• ~/.source - a directory for cloning repositories that we will build/install on the system.
  • makepkg -sic - make the package, -s will sync the dependencies for the application and the -i flag will install the package and -c will clean any remnant files.

Paru configuration

Just like how we changed the default settings in pacman, we will do the same with paru to get a better user experience.

Uncomment the following lines in the file /etc/paru.conf. (root permission required.)


Paru usage

Just running the command paru will do a full system update.

Searching packages

You can search for packages by running paru <package-name>.


When you search for packages using paru you can see what repostiory they are coming from. Such as community, extra, core, multilib, AUR.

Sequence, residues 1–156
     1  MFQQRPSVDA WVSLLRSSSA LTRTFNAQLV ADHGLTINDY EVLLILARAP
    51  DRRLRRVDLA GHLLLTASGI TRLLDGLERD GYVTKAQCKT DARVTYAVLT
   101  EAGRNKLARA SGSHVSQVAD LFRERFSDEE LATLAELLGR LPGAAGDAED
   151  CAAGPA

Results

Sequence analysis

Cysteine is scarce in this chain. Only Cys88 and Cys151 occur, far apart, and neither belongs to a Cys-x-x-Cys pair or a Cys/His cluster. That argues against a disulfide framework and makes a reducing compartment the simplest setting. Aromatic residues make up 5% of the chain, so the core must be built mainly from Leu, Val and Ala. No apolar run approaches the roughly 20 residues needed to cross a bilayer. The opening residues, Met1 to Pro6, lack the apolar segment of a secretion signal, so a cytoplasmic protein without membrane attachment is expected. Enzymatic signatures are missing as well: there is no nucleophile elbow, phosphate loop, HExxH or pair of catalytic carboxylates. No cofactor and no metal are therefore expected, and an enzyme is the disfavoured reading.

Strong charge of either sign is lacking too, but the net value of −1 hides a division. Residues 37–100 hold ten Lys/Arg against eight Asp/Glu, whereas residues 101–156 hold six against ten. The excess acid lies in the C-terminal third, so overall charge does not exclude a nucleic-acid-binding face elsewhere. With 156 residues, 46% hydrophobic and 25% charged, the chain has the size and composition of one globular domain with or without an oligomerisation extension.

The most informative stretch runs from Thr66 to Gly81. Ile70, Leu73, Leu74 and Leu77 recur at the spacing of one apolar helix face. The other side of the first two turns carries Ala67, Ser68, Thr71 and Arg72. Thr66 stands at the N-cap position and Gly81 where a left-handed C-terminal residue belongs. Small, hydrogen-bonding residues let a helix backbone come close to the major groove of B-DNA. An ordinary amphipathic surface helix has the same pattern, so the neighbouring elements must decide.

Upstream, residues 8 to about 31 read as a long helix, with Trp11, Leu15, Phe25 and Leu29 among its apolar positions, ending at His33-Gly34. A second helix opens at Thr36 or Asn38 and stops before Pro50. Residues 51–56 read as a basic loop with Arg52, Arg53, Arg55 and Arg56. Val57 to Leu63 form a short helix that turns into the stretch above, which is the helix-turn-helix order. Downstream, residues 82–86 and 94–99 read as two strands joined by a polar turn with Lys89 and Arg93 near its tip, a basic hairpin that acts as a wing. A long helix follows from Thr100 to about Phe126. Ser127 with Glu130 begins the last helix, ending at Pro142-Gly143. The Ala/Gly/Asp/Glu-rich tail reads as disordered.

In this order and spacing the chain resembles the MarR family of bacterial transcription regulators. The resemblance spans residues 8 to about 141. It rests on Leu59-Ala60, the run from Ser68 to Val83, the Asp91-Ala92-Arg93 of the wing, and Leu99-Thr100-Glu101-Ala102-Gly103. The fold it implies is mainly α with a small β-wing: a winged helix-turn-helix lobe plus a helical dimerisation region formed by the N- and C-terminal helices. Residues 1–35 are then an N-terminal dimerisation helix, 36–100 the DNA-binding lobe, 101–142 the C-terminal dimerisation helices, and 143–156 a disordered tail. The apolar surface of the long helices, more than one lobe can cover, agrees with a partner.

Installing packages

If you know the name of the package you want to install, you can install it using paru -S <package-name>.

Validating AUR packages.

When using paru, if you try to install and AUR script, it will prompt you with the PKGBUILD file. You can read through this file to make sure there is nothing that is obviously out of place. Things like if it's trying to download something from a sketchy url.

Installing Applications

Base packages

Here I will list some of the packages that provide "base" functionality.

Keyring service: gnome-keyring

It is a collection of components that stores secrets (passwords, certificates, etc...) and makes them available to applications.


  • wofi: An application launcher for wayland (similar to rofi).
  • ranger: A TUI file manager.